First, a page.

Fifty years on from independence, Botswana still finds itself in desperate need of improvements in its economic diversity. Its unsustainable reliance on diamonds is the reason why.
That much was evident at an industry conference held this past week in Gaborone.
Diamonds have done a lot of good for the country over the years. From 1966 to 2014, the gross domestic product (GDP) per capita grew at an annual average rate of 5.9 percent, one of the highest in the world during the period, according to a paper published by De Beers for the conference.
And last year, diamonds were the direct or indirect source of more than 34,000 jobs for the southern African country, contributing 33 percent of its GDP. The partnership between De Beers and the national government is the largest contributor to the economy besides the government itself, the paper concluded.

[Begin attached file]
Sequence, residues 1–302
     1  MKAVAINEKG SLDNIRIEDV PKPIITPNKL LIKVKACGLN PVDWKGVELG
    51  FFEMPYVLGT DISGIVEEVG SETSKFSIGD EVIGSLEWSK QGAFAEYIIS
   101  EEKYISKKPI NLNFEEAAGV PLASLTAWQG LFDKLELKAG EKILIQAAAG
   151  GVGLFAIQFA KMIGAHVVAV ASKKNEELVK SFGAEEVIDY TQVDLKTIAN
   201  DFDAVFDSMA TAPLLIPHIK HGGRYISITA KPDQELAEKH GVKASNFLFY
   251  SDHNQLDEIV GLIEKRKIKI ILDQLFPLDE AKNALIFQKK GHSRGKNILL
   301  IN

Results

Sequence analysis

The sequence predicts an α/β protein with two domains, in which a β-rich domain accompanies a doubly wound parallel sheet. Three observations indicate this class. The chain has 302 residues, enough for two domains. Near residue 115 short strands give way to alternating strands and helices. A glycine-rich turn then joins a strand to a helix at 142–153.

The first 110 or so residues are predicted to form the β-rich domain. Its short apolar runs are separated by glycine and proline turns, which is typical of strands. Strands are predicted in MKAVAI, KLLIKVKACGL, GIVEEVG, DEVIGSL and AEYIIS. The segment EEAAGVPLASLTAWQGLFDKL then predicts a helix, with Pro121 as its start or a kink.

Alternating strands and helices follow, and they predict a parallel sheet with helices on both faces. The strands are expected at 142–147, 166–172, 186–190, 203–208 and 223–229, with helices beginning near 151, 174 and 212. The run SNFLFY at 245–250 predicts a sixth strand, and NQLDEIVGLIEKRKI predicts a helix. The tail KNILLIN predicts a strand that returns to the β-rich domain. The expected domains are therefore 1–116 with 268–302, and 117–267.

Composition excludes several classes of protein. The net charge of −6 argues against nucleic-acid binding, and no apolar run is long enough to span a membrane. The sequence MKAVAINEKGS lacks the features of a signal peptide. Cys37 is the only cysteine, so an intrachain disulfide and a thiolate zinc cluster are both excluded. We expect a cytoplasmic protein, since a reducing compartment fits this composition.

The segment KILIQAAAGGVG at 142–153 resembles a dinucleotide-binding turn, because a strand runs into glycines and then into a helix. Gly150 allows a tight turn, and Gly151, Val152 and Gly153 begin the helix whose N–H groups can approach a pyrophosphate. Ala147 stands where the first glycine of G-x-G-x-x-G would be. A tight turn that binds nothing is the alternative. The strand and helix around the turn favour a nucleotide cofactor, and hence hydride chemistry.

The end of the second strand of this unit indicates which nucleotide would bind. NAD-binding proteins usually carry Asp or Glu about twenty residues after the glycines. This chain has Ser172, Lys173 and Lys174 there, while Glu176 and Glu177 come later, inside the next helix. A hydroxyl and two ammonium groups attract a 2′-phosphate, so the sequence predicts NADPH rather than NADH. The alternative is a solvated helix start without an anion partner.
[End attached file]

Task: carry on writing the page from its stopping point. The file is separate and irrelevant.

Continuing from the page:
But that was 2014, an almost embarrassingly good year for De Beers.
This year presents a different reality for the company and, by default, the country. Rapaport expects De Beers revenue will slump about 44 percent in 2015, which would translate to a notable drop in its value contribution to the economy. The country’s rough diamond exports plunged 41 percent year on year in the third quarter and by 23 percent in the first nine months of the year, according to Bank of Botswana data.
Fifty years on from independence, Botswana still finds itself dependent on the vagaries of the rough diamond trade. But the government must help improve competitiveness and productivity if it hopes to diversify the economy and diminish its reliance on diamonds, according to several of the conference presenters.
Financial and economic crises tend to expose the weakness of African countries reliant on one commodity, Katso Tshipinare, an economist at Barclays Bank, told the conference. As much as the government benefited during the growth years, the decline in diamond demand and prices has depressed its budget and will likely lead to a deficit in 2015/16.